PLC programming software should be free. However, free software sometimes has limitations and costs more than it should. In the end, consider that most programming languages are either free or inexpensive —which means you don’t have to spend money on something that won’t help you in the long run. Ensure you know what you get before purchasing or investing time in PLC programming software.

Testing your PLC programming software before any money / annual fees are charged is critical in determining what is best for your environment. Many manufacturers will have a free limited download of the programming software. Some will even have completely free no, limited programming software. This determines how the PLC manufacturer goes to market and how they expect to make their money. If you have to pay a fee, I would suggest contacting the manufacturer and distributors of the product. They will often loan you a copy of the PLC programming software to evaluate.

What PLC Should I Buy?

Some of the most popular controllers for industrial automation applications are Allen-Bradley (Rockwell Automation), Siemens, Mitsubishi, Omron, Automation Direct, and GE Fanuc. You should first make sure that the controller you’re considering supports the items listed above. If it doesn’t, don’t bother shopping further — there are too many other good options to spend time on a system that isn’t capable of doing what you need.
This site (ACC Automation) has a few different PLC manufacturers that I believe give the best value for the investment. Automation Direct with the Koyo (Click), Do-More, and Productivity Family of PLC controllers put the above items in their products for you. They sell and support PLC hardware directly to you without the markup from distribution. Programming software is often free because of its marketing.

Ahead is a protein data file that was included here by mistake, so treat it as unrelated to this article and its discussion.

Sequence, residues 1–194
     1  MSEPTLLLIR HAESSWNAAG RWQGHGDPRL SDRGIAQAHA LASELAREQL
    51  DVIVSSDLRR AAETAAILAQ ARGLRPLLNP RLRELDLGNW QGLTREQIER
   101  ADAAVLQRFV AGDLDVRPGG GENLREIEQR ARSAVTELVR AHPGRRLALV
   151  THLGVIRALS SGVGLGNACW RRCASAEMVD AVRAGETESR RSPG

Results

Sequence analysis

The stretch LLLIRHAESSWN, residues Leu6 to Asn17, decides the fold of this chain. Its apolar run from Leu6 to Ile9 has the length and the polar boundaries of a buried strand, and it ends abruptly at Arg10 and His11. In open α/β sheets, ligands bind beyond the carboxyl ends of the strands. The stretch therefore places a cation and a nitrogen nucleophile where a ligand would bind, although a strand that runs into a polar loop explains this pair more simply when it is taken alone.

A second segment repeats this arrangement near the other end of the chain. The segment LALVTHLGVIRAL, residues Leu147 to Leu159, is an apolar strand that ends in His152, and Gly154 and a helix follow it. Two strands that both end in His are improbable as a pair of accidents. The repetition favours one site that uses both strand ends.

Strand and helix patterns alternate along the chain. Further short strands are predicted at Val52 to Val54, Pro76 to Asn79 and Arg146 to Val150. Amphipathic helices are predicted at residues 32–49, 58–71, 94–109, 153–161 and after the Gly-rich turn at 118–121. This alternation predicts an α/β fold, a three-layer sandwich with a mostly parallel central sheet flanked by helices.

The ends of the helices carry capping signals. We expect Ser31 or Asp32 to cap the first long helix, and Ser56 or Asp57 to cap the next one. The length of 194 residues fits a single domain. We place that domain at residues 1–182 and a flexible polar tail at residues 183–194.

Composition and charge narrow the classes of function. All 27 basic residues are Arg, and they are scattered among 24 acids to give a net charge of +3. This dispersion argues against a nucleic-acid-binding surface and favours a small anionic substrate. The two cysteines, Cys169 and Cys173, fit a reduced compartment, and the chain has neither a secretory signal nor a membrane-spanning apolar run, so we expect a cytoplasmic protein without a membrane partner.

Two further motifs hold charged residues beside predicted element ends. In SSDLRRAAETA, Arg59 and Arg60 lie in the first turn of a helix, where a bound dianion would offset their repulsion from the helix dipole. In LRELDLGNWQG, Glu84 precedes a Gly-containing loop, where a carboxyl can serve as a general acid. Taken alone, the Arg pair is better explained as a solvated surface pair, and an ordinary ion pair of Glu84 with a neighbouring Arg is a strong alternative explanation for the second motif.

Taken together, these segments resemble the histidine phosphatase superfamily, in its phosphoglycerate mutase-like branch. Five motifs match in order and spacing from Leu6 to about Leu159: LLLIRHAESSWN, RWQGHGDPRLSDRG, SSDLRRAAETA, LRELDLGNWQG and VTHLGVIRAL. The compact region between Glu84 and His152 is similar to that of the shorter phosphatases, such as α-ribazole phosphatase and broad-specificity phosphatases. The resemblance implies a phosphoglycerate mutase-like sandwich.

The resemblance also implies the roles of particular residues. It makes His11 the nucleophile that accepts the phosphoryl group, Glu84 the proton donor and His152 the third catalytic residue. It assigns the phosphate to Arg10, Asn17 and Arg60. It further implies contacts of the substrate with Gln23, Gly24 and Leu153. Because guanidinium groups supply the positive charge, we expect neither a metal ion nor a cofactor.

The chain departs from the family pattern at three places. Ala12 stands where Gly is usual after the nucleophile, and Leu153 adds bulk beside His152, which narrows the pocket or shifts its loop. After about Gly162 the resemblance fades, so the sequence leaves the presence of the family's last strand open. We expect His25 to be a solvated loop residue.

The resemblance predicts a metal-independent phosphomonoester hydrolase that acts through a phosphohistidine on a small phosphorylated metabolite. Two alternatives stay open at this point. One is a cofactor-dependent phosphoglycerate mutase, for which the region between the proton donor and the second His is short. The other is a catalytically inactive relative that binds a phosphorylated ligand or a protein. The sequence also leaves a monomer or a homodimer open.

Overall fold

Support is sometimes overlooked. I would strongly suggest calling the manufacturer or distributor and trying out their technical support. This is a relationship built with the PLC manufacturer and agents.

The choice is up to you on the PLC to purchase and invest. It would be best to be realistic about how much time you have to learn new systems and train others in your company to use them.

The future is now. Communication, expandability, and access are vital in data collection. Your PLC edge devices should fit within your plans.

Learning and training series for PLCs that have the above requirements.
Click / Click PLUS (Koyo)
BRX Do-More
Productivity Series
P1000

P2000

C-More EA9 Series of HMI
(Webserver, FTP, Data Logging, Free Remote Apps, etc.)

Node-Red is a free IoT software hub that can communicate MQTT and many standard industrial protocols. This series will help you communicate to the PLC, create an HMI on any electronic device, log data to a database, and view the information on a spreadsheet for analysis.
Node-RED IoT enabling Software

Watch on YouTube: Don’t Get Caught Without These 3 PLC Requirements
If you have any questions or need further information, please contact me.
Thank you,
Garry


If you’re like most of my readers, you’re committed to learning about technology. Numbering systems used in PLCs are not challenging to learn and understand. We will walk through the numbering systems used in PLCs. This includes Bits, Decimal, Hexadecimal, ASCII, and Floating Point.